Bona Fide Purchaser


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Bona Fide Purchaser

 

in civil law, a person who has acquired property without knowing that the person from whom he has acquired it did not have the right to sell, give, or exchange it. The sale of stolen or found goods, in particular, is unlawful. The bona fide purchaser is the person who not only did not know but also should not have known and could not have known of the unlawfulness of his acquisition. This means that when acquiring a particular article one must exercise caution; for example, the acquisition of an article at too low a price under suspicious circumstances may serve as the basis for concluding that the purchaser, although he did not know for certain, could have and should have assumed that he was acquiring a stolen article. A purchaser who knew or should have known of the unlawfulness of the transaction is recognized as a bad-faith purchaser.

Good faith in acquisition is very important in the recovery by an owner of property in the unlawful possession of another person; for example, in Soviet civil law money and securities may not be recovered from a bona fide purchaser. If property has been purchased for value by a bona fide purchaser, the owner may recover his property from the purchaser only in cases that are strictly defined by law (Civil Code of the RSFSR, arts. 152 and 153).

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the property and a bona fide purchaser no deal has been effected, the
Barrow J's appeal to the general principle animating title registration, as famously articulated by Lord Watson in Gibbs v Messer--that a purchaser should be able to rely on the state of title as depicted in the land registry-- revealed his preference for a robust title registration system that operates to secure the interests of bona fide purchasers.
To protect C's investment as bona fide purchaser who paid full value for the land because the title on the record was unencumbered, the courts created an exception to the requirement that the buyer from C have no notice of the mortgage in order to be able to invoke the Recording Act.
18) The majority of texts opined that section 43 was only protective of bona fide purchasers for value without notice, that is, buyers in good faith paying a fair purchase price and wholly unaware of any irregularities regarding the vendor's right to sell.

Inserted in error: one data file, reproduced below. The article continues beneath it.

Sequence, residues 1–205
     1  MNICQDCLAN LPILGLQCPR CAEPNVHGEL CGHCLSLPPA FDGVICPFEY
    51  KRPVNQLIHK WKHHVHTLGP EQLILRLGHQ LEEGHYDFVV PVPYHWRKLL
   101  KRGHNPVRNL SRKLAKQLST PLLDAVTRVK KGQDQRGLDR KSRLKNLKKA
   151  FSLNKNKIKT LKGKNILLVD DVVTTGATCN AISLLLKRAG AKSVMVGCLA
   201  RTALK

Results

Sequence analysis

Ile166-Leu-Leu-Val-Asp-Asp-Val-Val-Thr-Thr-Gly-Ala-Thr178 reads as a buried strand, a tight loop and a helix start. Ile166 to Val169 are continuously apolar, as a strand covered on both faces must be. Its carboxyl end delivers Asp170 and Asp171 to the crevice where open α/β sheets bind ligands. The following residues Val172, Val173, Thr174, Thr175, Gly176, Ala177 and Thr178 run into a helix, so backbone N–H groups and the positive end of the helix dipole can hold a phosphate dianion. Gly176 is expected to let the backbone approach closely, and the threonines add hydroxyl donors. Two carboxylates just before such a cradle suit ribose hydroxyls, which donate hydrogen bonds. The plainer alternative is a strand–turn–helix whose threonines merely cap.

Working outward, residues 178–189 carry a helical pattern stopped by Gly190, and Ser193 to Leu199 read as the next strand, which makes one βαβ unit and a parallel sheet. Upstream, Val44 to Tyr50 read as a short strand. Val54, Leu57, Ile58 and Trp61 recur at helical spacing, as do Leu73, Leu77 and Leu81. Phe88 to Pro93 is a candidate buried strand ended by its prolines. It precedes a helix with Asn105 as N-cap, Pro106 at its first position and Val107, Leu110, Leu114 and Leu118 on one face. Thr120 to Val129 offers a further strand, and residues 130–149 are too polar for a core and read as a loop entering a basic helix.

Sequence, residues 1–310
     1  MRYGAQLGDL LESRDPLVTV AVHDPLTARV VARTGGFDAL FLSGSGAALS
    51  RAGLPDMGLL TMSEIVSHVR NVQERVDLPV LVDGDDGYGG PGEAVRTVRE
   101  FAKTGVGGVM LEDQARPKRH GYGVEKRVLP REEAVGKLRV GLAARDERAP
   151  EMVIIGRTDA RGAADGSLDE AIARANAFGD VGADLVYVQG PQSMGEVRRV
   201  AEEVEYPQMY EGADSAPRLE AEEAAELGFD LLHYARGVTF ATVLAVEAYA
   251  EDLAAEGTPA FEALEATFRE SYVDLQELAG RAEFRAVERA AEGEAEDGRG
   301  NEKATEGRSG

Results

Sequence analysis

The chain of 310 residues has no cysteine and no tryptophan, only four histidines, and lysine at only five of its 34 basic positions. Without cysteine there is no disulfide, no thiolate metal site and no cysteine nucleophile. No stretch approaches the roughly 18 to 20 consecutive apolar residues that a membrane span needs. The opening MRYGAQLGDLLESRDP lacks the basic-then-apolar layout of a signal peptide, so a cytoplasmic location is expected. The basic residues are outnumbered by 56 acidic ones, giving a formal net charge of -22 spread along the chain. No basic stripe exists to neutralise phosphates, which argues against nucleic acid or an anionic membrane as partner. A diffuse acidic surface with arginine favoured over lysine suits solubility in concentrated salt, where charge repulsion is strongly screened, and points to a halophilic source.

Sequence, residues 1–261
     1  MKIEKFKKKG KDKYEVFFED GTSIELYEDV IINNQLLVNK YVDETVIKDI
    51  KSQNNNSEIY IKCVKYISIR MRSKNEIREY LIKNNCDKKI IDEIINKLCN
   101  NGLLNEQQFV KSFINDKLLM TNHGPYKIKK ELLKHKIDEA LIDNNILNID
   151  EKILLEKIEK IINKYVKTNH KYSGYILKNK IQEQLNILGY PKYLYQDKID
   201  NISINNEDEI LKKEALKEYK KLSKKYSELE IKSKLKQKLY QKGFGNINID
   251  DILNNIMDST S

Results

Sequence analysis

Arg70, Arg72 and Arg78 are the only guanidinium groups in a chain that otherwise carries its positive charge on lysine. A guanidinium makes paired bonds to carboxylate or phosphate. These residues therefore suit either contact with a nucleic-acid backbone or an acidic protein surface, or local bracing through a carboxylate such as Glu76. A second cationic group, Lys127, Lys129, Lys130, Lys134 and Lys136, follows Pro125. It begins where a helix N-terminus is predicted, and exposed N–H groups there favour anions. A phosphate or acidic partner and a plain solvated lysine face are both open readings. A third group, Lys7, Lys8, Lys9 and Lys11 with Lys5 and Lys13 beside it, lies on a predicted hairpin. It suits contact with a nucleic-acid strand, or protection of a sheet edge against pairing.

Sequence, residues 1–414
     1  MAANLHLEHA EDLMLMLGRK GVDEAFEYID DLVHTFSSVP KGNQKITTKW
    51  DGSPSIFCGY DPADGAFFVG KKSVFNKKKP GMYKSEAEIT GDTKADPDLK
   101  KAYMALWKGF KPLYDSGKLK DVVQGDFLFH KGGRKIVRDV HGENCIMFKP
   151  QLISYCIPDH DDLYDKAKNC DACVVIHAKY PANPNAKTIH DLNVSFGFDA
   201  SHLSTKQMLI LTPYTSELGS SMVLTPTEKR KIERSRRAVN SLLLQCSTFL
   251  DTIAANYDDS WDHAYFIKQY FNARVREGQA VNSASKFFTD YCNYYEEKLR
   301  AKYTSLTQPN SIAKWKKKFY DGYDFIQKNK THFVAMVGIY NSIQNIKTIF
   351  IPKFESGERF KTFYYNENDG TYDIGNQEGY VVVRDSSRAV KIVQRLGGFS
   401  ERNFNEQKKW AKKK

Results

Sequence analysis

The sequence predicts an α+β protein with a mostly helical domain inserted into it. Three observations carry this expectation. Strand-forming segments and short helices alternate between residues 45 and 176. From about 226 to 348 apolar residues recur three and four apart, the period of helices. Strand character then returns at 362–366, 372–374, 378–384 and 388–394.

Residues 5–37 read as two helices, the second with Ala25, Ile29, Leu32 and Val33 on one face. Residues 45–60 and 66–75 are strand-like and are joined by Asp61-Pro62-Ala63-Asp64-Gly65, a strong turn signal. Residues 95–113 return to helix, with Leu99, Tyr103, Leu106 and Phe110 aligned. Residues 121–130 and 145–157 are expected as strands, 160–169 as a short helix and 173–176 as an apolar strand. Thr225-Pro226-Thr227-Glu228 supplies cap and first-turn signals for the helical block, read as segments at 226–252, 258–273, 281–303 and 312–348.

A trustee in bankruptcy has the rights of a so-called "hypothetical lien creditor": a bona fide purchaser of real property or a judicial lien creditor, regardless of whether such purchaser or creditor exists.
In the Texas statute at issue, unrecorded conveyances are void as to creditors and bona fide purchasers without notice, but between the parties and as to purchasers with notice or who have not given valuable consideration, such conveyances are valid and binding.
02 and does not affect reliance rights of creditors and bona fide purchasers without notice with respect to instruments executed by the "mortgagee of record" as determined under [subsections] 701.
Bona fide purchasers would then qualify for federal liability protection against lawsuits filed by the federal government or third parties if they fulfill the inquiry requirements and have taken good care of the property.
Other relevant portions of the administration's bill which impact municipalities include the conditional exemption from liability for bona fide purchasers of contaminated property, and the provision of technical assistance to municipalities to conduct site characterizations for facilities at which voluntary response actions are being conducted.
obtained valid legal title to the Bahia Emerald and alleges that it also has an equitable claim to title as bona fide purchasers of the Bahia Emerald based on its seven-figure payment for the Bahia Emerald.
The current rent is PS27,500 a year plus VAT and a full inventory would be made available to bona fide purchasers.